Saturday, 1 December 2012

Bloat Linux Live

William Van Tripe today announced his first release of "Bloat Linux Live". I sat with him and asked him about it.

Q: What inspired you?

A: Ubuntu. Me and a few friends were looking around the net and realized there were not nearly enough Linux distributions based on Ubuntu. We were using Ubuntu ourselves but didn't like the way Ubuntu was pushing Unity as the desktop of choice. So after smoking a few more joints we decided to make Bloat Linux.

Q: So you didn't want to just switch Unity off and go with something like 'Gnome' or 'Gnome Classic'?

A: No. It is about innovation. We decided to take the Unity desktop, stop the HUD feature, and add certain parts from Cinnamon and MATE. The installed desktop went from 110MB to 241MB with all the new libraries to make it work.

Q: What makes Bloat Linux different?

A: Instead of following the crowd with just a standard distribution we decided to give you as much software as possible. There are 6 different media players included, 20 different window managers, 3 full office suites, and over 100 different backgrounds to choose from.

Q: Why not just give a base Operating System and allow the user to decide what software they want to install?

A: That would be too easy. We saw that the CD was dead and that DVD had taken its place. There is 4.7GB to use up. So we basically threw everything but the kitchen sink in there. Oh wait; Kitchen Sink v1. is available on the 2nd DVD.

Q: But Ubuntu uses Synaptic, Apt, and their Software Center. Almost everyone has a decent Internet connection, surely it would be better to allow them to decide what to download and install?

A: Users make mistakes. They do not know the inner workings. For example how many of the users know the difference between Libre Office and OpenOffice? They may not care about the differences but we do so we gave them both Office Suites.

Q: Chances are they will only ever use one or the other; seems they are almost identical except a few differences which the end-user will really not care about. So why have an ISO with both?

A: That is what we wanted to do. Why let the user choose. They may install Libre and then a few months down the line they may decide they want to use OpenOffice. We have given them both.

Q: What if they want neither?

A: They can go to the terminal and type: "Sudo apt-remove crappy-office-suite-i-never-wanted" (without the quotes) and they will be gone; except a few libraries and other files that the system will class as needed but never actually use. It is a simple procedure.

Q: That is the point. Why not make it the other way round. If they want it they can install it?

A: Because this way we are using more DVDs and filling the hard drive. Times change. People use DVDs or USB sticks to install Linux. We have to make it look like it was worth while.

Q: But other Linux distributions, such as TinyCore, Slitaz, Slax, and DSL, go the other route and give you the minimum and let you add what you want. So why not just go that route?

A: Because we are no longer worried about the Operating System itself. We are giving you an Operating System, eye candy, software, and drivers that you will have no use of.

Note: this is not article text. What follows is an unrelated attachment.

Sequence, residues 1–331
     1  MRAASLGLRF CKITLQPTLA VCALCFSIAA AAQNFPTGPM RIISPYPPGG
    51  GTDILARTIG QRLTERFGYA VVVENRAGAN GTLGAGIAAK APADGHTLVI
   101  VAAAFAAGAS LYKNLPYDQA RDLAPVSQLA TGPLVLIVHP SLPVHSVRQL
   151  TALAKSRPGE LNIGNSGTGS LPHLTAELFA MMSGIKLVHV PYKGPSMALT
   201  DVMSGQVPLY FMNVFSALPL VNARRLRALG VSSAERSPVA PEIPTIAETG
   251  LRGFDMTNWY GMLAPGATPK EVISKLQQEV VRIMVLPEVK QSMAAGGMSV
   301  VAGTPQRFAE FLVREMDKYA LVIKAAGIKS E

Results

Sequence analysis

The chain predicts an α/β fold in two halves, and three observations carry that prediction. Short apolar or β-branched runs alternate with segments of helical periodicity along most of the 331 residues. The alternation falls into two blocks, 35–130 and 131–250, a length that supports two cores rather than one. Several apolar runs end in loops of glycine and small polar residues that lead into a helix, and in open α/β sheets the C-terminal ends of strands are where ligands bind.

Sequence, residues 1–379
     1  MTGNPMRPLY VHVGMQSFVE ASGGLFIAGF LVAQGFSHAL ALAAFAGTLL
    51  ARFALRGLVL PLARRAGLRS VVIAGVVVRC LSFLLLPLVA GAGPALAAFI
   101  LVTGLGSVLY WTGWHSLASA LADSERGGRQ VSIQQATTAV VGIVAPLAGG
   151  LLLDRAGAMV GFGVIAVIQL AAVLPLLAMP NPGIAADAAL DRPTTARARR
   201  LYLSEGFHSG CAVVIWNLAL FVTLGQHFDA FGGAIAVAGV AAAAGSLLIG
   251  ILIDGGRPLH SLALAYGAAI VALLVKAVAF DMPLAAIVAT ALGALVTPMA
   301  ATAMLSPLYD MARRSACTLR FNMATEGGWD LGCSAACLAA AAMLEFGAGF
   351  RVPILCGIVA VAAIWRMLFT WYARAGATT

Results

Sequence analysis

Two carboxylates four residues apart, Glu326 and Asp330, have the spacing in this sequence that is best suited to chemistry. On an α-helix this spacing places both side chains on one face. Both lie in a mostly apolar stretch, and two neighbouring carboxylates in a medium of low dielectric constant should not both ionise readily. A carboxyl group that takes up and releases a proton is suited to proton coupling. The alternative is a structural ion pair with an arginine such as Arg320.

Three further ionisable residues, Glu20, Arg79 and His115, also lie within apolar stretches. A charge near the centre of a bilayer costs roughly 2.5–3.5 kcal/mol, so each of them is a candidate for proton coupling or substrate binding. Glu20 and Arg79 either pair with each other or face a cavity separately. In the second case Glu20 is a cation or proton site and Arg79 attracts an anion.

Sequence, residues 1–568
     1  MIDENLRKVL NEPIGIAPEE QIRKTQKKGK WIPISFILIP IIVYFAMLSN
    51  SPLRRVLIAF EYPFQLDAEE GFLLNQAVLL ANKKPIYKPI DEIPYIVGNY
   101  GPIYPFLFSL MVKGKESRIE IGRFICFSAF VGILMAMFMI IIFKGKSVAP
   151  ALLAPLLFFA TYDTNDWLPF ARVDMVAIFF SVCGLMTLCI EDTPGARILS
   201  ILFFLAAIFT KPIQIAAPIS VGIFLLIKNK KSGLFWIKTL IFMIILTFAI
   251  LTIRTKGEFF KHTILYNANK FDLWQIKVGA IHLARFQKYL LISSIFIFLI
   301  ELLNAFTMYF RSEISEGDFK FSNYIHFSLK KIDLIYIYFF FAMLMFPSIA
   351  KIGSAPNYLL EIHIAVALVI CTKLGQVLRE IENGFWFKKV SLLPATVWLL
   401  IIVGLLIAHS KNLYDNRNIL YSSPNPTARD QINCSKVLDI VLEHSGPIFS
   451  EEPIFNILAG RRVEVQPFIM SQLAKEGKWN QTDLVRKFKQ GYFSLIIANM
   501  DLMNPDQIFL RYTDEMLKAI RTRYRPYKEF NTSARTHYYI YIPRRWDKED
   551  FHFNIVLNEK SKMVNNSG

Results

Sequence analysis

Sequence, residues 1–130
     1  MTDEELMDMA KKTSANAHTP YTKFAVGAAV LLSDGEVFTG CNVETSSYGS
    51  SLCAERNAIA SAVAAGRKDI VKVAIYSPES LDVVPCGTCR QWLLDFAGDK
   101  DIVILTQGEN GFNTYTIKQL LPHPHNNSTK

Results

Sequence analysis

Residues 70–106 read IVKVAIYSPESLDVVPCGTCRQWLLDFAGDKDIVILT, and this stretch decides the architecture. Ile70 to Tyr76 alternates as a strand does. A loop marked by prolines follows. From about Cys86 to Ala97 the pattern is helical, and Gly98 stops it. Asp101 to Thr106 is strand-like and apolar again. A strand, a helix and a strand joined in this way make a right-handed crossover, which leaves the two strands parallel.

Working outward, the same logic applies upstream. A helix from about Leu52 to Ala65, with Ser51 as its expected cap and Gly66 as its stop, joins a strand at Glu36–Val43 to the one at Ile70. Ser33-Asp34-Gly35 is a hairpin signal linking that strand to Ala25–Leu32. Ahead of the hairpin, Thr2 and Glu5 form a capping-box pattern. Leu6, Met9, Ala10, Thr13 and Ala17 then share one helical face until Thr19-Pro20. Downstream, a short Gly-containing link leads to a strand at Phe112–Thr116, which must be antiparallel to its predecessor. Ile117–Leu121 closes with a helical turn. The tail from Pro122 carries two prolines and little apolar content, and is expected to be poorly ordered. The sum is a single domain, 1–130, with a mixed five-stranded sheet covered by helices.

Q: What about specifications. What is the minimum that Bloat Linux will run on?

A: We worked really hard to make sure it would work on a 800Mhz Pentium 1 CPU. But for the best experience the recommended specs are: 3.2Ghz CPU, 4GB RAM, 120GB Hard Drive, and a 1GB Video Card. Honestly, at 800Mhz even though it works it takes forever for anything to open. As an example the latest Firefox takes 2 minutes and 58 seconds to open after the icon has been clicked.

Q: Why so long?

A: There are certain effects to go through. Once you click on the icon it doesn't just open the program it has to first glow the icon, then rotate the icon, then finally the icon changes color and fades. Then, and only then will the program open.

Q: Why not leave that to Compiz and Enlightenment. If a user wants that 'eye candy' they can install it?

A: Because we give them everything. They can turn it off if they don't want it. When you install Bloat, by default everything is on, you will have a Samba server, web server, mail server, clustering options, and your own private cloud running in a virtual machine in the background. We spent minutes stealing the very ideas of other desktops and changing the graphics to say "Bloat" so we want to make sure the user sees all of them.

Well that is Bloat Linux. You can either download it or pick any of the other bloated Ubuntu-based distributions that are saturating the Linux world.

NOTE: There really is no "Bloat Linux Live" although it does exist under many different distributions out there. This post is merely a mockery of how some of the Linux distributions are going. Gone are the days where Linux was the choice because it gave the user the control of what to install; it is following the path of Microsoft Windows and installing a ton of software most desktop users, the people the distribution is aimed at, will never use and will have to waste the first 2 hours of use removing all the junk. This cycle of destruction can only be stopped if people make the decision to search, research, and choose distributions that put the user back in control. Linux used to be about choice; but now it is becoming nothing more than an Open Source version of Windows - including all the crap you never wanted.

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